Another year of native iOS, teaching, and women in tech!
What a year 2018 has been! Wait, you haven’t heard about it cause I haven’t been blogging, other than when I went to WWDC? Well, a lot has happened since then, so let’s get you caught up! And yes, I’m aware that it’s 2019 now but better late than never. 🙂
2018 has been all about continuing my transition to native iOS development (from cross platform), professionally, and through side projects; and continuing to teach and support women/under-represented in tech. Continue reading
This year was the first time I attended Apple’s WWDC conference. It took 3 years of trying, but I finally got the golden ticket to attend this year, and was fortunate enough to have an employer to sponsor my trip as well!
This is the largest iOS conference in the world, and it’s the dream of many iOS developers to eventually attend a WWDC at some point in their careers. Given what a big deal WWDC is, was it worth it? More importantly, if you work for a company that will sponsor only one conference for you in a year, should WWDC be THE one? Or if WWDC is not in the cards this year, how do you select a conference to attend, and what’s the best way to get the most out of it? Come with me as I share my journey, and see! Continue reading
This past August, I volunteered to teach a group of beginner programmers iOS in Denver through Bridge Troll, an organization that provides free programming classes to women and underrepresented groups. I was glad to finally do what I had promised to do earlier in the year as a way to give back to women in tech through teaching iOS. (Speaking of giving back, I also have been mentoring a college woman studying STEM – go Stephanie, you rock! But that’s for another blog post. 🙂 )
I learned some things from teaching that iOS Bridge workshop that day, which I am happy to share here! Continue reading
For the past five months, I’ve been working as an iOS Developer on the SimplyE reader app, the e-book reader app for the New York Public Library. Originally developed for the New York Public Library, SimplyE is expanding, and will work with many other libraries over the next few years, which is an exciting development. In order to meet the needs of our growing user base, we are in need of an intermediate level Android Developer. Do you want to know how SimplyE helps people and how you can be a part of that? Keep reading! (no pun intended 🙂 ) Continue reading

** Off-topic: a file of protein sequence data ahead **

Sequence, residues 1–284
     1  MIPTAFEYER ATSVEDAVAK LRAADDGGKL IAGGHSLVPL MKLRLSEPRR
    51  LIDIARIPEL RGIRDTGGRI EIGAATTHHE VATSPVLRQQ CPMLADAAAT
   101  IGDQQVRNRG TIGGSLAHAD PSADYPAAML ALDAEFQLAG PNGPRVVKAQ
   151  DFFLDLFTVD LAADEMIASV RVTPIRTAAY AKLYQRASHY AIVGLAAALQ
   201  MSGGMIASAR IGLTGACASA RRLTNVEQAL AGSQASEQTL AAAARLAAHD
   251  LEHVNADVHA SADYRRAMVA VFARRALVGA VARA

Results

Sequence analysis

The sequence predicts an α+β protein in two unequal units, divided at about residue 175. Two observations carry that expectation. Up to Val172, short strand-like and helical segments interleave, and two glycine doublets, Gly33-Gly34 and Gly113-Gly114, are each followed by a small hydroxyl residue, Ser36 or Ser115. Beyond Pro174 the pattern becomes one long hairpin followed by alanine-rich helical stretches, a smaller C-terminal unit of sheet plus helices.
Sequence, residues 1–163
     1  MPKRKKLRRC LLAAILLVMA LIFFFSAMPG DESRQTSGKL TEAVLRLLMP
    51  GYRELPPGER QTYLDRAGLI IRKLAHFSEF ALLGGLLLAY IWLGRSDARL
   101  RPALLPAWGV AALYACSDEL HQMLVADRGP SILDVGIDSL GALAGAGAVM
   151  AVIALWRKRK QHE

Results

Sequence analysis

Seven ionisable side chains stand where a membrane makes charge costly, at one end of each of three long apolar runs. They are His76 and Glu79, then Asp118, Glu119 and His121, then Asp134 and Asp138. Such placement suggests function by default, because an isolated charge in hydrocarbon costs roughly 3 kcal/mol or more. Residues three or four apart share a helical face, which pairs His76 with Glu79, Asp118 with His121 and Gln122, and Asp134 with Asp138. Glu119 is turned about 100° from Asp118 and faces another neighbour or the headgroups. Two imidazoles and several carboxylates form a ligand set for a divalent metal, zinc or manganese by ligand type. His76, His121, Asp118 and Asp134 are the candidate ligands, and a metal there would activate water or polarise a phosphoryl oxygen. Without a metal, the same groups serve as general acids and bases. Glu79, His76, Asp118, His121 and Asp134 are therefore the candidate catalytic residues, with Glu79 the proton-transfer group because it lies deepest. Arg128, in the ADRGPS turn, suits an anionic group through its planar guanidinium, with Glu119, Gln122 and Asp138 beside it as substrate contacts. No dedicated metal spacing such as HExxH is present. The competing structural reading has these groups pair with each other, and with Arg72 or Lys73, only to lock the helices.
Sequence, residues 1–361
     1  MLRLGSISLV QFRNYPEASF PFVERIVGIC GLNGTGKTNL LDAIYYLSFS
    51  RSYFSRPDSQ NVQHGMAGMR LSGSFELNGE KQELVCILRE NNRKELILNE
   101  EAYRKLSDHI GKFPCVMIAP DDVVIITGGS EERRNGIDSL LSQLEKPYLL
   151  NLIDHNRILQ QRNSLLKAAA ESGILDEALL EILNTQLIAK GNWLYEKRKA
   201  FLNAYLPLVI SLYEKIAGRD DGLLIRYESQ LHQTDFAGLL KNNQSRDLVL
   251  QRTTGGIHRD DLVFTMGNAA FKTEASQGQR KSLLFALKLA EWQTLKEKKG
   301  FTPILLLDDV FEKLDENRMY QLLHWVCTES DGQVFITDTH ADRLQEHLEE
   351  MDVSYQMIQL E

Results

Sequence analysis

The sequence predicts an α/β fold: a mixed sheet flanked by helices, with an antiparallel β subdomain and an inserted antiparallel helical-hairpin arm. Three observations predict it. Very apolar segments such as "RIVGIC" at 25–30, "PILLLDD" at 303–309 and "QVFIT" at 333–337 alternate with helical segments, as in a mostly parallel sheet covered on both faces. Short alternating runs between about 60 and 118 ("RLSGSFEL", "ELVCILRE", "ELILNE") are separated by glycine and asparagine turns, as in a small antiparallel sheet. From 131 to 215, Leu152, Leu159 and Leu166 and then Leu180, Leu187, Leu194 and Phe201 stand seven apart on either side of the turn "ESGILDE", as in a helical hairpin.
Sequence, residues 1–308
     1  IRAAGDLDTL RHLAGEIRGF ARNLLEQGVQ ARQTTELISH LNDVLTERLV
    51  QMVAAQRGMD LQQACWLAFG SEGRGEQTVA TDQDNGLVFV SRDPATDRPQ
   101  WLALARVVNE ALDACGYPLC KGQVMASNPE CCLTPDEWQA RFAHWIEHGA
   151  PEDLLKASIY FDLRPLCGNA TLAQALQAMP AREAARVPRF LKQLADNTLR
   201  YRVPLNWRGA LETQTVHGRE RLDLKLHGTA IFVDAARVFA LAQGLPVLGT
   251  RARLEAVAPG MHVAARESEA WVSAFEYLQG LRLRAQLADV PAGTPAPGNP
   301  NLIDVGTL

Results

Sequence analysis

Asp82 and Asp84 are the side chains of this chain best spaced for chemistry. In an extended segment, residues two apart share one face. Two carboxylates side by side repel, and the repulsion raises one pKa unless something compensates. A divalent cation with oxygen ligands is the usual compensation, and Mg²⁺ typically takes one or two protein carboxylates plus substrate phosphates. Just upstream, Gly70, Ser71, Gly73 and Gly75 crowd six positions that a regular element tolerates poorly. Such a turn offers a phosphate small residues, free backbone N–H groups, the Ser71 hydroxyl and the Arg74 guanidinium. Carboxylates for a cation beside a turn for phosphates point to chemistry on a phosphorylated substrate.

In early 2016, I had a chance to get involved with the Internet of Things through my local Women Who Code hardware hackathon. Fast forward a year later, I’ve participated in multiple IoT hackathons, including the one that sent me to Beijing, China and have become an Intel Software Innovator as a result. This past February, 2017, I had the opportunity to give back to women in tech by mentoring at FemmeHacks, an Intel-sponsored women’s hackathon, and thus come full circle from participating in women’s hardware hackathons to now giving back and mentoring at one. Here’s my story of participating at FemmeHacks 2017 in Philadelphia.
I originally planned to title this post “3 BIG Ways that WWC Helped My Career in 2016” to highlight all the ways that Women Who Code have helped me. But I wanted to speak in a larger sense of the struggles of women in technology and how I want to help, hence the current title. I’m still sending lots of love to WWC throughout this article though! 🙂 Continue reading
The “Blue Team”, the team behind the “Save The Water Pipes” project, has returned home to the US after a successful trip to China. The “Save the Water Pipes” project is a freezing water pipe detection and prevention system. It detects when water in a pipe is about to freeze, and drips a faucet to allow water to flow through the pipe until the temperature rises, and then automatically shuts off the faucet. Its purpose is to prevent water damage to homes and buildings in cold areas caused by freezing pipes breaking, while dripping just enough water to prevent the pipes from freezing and prevent water waste. Continue reading